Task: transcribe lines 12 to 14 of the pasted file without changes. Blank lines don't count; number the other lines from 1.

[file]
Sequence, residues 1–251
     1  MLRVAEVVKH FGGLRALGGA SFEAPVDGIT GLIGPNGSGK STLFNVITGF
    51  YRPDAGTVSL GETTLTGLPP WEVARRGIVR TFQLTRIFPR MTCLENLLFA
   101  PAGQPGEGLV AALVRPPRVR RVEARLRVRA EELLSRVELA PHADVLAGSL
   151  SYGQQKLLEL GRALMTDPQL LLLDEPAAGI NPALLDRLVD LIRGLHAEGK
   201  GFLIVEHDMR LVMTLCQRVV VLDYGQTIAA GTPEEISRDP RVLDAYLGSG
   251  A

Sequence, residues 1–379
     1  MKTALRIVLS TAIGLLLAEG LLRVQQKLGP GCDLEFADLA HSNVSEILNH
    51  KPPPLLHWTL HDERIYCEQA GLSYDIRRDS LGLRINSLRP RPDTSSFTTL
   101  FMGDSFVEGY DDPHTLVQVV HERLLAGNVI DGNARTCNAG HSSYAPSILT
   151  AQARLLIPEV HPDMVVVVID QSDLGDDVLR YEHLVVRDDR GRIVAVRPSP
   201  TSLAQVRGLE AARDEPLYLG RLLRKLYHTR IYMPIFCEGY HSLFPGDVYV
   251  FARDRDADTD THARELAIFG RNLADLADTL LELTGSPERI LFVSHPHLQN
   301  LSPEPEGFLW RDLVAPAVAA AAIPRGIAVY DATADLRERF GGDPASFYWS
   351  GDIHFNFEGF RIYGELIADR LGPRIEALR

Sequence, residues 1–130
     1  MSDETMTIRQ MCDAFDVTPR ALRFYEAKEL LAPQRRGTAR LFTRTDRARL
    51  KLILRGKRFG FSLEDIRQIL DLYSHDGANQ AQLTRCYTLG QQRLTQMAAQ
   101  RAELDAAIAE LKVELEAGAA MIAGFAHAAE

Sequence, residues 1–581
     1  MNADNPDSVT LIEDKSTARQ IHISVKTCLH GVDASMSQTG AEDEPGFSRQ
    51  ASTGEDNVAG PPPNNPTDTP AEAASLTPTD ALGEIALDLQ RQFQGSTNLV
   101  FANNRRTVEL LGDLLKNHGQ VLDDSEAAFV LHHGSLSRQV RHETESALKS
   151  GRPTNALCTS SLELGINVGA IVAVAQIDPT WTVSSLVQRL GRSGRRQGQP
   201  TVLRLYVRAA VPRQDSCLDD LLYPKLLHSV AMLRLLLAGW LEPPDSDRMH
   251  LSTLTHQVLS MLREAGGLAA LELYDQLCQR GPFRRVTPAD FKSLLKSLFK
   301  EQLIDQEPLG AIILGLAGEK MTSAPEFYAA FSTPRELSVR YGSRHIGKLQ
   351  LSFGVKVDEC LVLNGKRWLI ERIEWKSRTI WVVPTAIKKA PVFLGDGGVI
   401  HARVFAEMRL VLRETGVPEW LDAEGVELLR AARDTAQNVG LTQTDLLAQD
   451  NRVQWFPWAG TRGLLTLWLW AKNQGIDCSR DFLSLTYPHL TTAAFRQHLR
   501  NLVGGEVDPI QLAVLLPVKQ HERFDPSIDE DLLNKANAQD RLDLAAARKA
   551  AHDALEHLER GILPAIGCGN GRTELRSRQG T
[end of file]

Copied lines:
   151  AQARLLIPEV HPDMVVVVID QSDLGDDVLR YEHLVVRDDR GRIVAVRPSP
   201  TSLAQVRGLE AARDEPLYLG RLLRKLYHTR IYMPIFCEGY HSLFPGDVYV
   251  FARDRDADTD THARELAIFG RNLADLADTL LELTGSPERI LFVSHPHLQN